Author(s): Tove Jansson
The enchanting comic strip that introduced adult readers to the wonderful world of Moomin
Tove Jansson is revered around the world as one of the foremost children's authors of the twentieth century for her illustrated chapter books regarding the magical worlds of her creation, the Moomins. The Moomins saw life in many forms but debuted to its biggest audience ever on the pages of the world's largest newspaper, the London Evening News, in 1954. The strip was syndicated in newspapers around the world with millions of readers in forty countries. Moomin Book One is the first volume of Drawn & Quarterly's publishing plan to reprint the entire strip drawn by Jansson before she handed over the reins to her brother Lars in 1960. This is the first time the strip will be published in any form in North America and will deservedly place Jansson among the international cartooning greats of the last century.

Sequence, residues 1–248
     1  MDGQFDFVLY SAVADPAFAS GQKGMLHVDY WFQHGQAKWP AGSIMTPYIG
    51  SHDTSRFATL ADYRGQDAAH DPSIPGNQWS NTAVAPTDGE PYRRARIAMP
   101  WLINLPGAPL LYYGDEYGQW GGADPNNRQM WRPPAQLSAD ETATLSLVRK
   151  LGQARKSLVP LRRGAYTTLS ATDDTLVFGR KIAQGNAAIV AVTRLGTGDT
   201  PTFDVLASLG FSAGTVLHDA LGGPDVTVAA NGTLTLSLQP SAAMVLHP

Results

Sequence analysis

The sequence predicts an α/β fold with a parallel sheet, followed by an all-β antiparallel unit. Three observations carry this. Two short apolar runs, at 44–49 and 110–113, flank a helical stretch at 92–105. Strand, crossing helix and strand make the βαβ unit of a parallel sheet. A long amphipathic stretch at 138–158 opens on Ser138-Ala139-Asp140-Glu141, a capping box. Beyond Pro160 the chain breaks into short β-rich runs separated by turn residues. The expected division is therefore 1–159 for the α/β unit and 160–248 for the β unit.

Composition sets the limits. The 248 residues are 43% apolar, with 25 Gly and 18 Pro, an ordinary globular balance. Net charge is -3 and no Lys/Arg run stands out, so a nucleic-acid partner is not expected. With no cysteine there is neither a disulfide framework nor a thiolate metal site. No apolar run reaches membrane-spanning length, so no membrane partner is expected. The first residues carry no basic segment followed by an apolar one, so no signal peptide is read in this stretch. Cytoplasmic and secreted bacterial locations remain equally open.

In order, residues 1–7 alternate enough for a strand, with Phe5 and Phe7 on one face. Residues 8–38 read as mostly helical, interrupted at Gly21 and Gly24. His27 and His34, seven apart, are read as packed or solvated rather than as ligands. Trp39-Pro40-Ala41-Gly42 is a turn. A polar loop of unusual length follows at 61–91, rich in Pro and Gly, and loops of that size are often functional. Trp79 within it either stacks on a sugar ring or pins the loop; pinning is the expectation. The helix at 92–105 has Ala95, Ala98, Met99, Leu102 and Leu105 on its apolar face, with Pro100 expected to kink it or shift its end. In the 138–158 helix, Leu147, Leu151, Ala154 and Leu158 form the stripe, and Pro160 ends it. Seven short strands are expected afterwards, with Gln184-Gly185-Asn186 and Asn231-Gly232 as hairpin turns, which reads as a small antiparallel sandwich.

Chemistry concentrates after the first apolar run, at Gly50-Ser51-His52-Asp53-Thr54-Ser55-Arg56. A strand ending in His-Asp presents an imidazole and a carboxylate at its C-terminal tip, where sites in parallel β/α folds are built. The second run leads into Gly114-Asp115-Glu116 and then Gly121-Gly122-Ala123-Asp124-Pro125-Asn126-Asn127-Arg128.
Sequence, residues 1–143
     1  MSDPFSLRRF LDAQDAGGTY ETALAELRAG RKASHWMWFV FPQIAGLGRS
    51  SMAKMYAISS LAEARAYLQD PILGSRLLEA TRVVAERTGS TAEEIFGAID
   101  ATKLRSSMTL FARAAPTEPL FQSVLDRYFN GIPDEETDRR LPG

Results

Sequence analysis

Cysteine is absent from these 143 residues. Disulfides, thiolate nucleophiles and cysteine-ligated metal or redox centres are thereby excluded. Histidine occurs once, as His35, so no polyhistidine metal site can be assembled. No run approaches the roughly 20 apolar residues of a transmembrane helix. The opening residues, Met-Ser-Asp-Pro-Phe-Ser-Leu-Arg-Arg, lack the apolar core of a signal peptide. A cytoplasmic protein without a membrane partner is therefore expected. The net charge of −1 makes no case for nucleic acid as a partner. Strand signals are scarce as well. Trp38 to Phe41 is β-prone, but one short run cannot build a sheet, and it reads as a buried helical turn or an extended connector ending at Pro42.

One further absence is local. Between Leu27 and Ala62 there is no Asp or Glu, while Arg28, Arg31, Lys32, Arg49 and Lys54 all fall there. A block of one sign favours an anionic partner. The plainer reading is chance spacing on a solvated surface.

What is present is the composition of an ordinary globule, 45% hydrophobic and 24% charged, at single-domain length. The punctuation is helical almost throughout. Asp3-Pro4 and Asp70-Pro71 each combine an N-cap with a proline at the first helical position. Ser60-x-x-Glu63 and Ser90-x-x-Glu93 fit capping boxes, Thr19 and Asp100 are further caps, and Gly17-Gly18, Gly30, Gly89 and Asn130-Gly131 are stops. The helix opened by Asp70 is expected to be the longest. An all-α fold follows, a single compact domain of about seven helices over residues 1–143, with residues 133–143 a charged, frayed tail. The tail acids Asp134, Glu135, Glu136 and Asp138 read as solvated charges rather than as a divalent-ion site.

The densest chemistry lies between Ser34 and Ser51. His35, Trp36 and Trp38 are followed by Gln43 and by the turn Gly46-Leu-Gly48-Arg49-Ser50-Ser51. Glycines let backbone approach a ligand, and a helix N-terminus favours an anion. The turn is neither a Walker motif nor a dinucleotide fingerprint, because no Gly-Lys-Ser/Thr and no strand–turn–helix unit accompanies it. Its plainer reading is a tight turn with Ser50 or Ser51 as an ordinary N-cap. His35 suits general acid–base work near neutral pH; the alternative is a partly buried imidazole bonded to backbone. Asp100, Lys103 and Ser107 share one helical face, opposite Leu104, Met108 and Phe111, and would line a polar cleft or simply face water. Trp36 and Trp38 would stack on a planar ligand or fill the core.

The Moomins are a tight-knit family-hippo-shaped creatures with easygoing and adventurous outlooks. Jansson's art is pared down and precise, yet able to compose beautiful portraits of ambling creatures in fields of flowers or on rock-strewn beaches that recall Jansson's Nordic roots. The comic strip reached out to adults with its gentle and droll sense of humor. Whimsical but with biting undertones, Jansson's observations of everyday life, including guests who overstay their welcome, modern art, movie stars, and high society, easily caught the attention of an international audience and still resonate today.
Tove Jansson (1914-2001) was born in Helsinki and spent much of her life in Finland. She is the author of the Moomin books, including Comet in Moominland and Finn Family Moomintroll. Born into an artistic family--her father was a sculptor and her mother was a graphic designer and illustrator--Jansson studied at the University College of Arts, Crafts and Design in Stockholm, the Finnish Academy of Fine Arts, and L'Ecole des Beaux-Arts in Paris. In addition to her Moomin books, she also wrote several novels, drew comic strips and worked as a painter and illustrator. In 1966, she was awarded the Hans Christian Andersen Medal for her body of work. Jansson had a studio in Helsinki but spent most of her time at her home on a small island called Klovharu.